But Tea Party conservatives proceed from a radically different set of assumptions. Their view of the economy is not pragmatic but deeply moralistic. They do not see it as primarily a system within which actors pursue their personal ends; they see it as a stage on which selves confront the worldly consequences of their fallen nature. Work is not a matter of self-expression or self-fulfillment; it is an ordeal, a trial. It tests our ability to accept the burdens of struggle and privation imposed on us by original sin. For the Tea Party, economic life is merely another instance of spiritual judgment. Attempts to ameliorate hardship are not simply inefficient or ineffective: they are attempts to evade the divine will, to make easy what God has made hard. And as we all arrive at the moment of judgment alone, they also tempt us into another error — that of believing that others will take our part and intercede on our behalf. They will not, because they cannot. God comes to each of us singly, in isolation. Human efforts to pretend otherwise — the safety net, the welfare state — are always destructive of character and doomed to failure. They may fill our stomachs and lighten our labors, but in doing so they endanger and pervert our souls. (Neglect of the deeply moralistic nature of right-wing economic thought lurks behind many of Thomas Frank’s perplexities about the (allegedly) paradoxical behavior of voters out in the Heartland. Frank thinks they vote against their own self-interest, and is puzzled. But they take a very different view of the selves whose interests Frank wants them to promote. The short answer to “What’s the matter with Kansas?” is: Kansans.)[Salon]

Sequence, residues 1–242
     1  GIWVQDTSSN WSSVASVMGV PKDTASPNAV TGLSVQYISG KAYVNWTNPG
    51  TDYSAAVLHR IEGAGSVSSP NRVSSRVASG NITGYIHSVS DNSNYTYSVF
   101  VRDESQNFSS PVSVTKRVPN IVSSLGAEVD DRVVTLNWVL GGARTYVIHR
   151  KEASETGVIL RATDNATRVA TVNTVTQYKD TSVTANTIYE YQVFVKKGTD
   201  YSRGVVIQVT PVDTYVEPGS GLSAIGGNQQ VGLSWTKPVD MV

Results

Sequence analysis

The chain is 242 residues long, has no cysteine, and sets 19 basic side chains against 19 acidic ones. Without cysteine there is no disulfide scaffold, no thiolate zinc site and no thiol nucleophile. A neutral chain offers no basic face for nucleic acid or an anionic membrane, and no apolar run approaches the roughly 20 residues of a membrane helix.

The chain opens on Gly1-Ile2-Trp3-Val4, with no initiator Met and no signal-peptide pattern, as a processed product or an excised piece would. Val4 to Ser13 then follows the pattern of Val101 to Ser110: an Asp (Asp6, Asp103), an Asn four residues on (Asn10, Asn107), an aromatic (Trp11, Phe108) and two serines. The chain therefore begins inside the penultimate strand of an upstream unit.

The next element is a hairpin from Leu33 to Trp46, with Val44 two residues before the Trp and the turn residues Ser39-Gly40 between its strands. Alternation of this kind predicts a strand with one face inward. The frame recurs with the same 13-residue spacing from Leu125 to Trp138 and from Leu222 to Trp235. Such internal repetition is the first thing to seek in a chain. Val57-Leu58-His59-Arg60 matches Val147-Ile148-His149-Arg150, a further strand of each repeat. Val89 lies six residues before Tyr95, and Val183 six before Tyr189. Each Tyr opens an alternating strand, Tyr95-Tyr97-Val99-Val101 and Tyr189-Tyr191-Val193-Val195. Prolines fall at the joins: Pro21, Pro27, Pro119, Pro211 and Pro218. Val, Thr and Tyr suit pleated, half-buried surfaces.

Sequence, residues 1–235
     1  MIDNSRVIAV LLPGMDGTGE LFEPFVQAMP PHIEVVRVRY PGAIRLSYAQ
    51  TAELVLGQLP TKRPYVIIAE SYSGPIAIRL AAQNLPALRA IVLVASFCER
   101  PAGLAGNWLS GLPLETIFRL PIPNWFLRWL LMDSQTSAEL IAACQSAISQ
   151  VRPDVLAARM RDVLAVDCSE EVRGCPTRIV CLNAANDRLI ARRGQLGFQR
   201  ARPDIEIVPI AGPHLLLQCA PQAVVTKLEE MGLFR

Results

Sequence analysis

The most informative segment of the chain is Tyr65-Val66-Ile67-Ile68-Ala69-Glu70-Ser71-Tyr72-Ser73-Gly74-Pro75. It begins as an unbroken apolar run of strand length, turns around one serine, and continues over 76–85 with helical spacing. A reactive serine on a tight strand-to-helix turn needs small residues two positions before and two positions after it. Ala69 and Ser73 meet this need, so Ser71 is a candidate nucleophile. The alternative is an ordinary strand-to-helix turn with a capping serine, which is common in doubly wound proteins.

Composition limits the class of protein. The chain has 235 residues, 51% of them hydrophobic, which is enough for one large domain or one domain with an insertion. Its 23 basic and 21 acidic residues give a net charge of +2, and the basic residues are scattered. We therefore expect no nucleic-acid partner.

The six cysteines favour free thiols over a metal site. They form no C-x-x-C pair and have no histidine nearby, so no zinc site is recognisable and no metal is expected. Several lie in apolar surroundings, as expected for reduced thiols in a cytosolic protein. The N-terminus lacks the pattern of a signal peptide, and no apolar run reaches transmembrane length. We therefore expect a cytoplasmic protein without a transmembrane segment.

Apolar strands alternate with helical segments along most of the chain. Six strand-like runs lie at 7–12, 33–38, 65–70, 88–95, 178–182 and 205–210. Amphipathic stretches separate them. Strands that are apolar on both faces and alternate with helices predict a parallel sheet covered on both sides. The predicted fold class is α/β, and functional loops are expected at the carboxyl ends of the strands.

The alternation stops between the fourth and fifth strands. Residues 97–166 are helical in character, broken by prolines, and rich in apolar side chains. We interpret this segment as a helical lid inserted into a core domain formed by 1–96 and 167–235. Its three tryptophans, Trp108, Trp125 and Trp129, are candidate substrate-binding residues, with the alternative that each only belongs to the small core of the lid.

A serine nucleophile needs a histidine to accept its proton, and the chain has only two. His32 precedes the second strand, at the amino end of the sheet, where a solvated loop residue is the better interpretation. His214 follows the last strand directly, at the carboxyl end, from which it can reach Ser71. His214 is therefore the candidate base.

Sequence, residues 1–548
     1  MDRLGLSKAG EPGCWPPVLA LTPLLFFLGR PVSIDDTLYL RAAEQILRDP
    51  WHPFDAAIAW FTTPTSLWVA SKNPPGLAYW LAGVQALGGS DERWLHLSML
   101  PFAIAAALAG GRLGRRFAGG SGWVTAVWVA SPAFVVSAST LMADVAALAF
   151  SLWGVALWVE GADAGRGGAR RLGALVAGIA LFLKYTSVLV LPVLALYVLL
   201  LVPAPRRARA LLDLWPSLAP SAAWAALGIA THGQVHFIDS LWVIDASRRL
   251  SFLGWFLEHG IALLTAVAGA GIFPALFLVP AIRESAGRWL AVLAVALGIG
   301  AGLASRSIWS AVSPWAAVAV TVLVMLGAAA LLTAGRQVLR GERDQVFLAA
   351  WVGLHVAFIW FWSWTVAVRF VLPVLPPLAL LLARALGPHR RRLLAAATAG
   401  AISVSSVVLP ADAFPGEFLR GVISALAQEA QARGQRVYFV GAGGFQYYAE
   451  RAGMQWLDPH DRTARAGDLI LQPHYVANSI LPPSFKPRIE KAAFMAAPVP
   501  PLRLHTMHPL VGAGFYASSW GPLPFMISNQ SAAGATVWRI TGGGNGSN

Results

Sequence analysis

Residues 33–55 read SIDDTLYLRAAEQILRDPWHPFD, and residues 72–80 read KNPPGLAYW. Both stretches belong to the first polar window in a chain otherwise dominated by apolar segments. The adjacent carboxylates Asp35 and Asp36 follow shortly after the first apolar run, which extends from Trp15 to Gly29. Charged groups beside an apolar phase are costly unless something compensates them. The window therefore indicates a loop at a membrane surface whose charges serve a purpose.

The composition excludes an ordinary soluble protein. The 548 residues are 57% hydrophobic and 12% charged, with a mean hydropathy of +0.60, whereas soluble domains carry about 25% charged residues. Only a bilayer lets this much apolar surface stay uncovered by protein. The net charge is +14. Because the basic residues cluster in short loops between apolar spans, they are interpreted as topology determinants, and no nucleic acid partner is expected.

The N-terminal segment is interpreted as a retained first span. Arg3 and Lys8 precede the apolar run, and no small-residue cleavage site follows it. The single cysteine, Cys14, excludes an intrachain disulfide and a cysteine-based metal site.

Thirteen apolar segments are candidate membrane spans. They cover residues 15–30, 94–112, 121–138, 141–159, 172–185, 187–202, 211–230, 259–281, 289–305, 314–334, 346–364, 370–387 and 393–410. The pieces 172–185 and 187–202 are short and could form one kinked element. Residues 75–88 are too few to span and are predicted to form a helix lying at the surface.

Saturday, February 28, 2015
What's The Matter W/ Kansas?
by M. Bouffant at 12:22
Bullshit morality, that's what: